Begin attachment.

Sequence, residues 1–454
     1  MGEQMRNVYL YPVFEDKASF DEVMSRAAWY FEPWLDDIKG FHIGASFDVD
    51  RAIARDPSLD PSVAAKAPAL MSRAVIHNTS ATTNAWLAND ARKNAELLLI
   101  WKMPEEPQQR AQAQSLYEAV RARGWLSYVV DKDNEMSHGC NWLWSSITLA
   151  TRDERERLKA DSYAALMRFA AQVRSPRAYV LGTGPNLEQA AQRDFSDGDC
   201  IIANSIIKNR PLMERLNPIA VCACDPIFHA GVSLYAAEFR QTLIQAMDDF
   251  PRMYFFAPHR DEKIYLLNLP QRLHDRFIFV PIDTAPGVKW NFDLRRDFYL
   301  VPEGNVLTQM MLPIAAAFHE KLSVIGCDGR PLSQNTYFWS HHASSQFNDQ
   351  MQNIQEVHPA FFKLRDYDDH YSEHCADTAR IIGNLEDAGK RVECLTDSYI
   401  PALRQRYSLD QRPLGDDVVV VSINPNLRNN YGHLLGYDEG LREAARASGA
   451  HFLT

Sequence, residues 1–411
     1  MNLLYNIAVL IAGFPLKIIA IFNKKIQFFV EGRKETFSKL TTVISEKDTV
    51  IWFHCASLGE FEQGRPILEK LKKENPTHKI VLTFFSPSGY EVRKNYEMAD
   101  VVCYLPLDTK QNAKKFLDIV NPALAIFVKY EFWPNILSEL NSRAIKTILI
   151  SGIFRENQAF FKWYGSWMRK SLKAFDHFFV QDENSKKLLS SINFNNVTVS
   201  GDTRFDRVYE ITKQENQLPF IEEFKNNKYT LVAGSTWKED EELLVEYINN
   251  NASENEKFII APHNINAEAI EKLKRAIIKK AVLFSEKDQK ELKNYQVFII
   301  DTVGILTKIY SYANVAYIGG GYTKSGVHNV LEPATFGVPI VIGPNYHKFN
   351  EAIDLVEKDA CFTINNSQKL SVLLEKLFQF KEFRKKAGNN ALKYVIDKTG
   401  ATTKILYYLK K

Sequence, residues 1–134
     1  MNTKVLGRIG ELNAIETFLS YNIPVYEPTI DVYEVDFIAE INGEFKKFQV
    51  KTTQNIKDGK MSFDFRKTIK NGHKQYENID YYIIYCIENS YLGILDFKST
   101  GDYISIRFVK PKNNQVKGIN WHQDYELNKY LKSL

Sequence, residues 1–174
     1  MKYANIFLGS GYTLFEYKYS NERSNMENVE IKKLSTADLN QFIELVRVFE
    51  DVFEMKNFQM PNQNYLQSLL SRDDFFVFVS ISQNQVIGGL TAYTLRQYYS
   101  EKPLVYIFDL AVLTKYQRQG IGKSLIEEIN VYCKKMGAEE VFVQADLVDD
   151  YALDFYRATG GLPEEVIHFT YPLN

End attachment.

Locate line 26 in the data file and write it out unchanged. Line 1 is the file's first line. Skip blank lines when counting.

Sequence, residues 1–174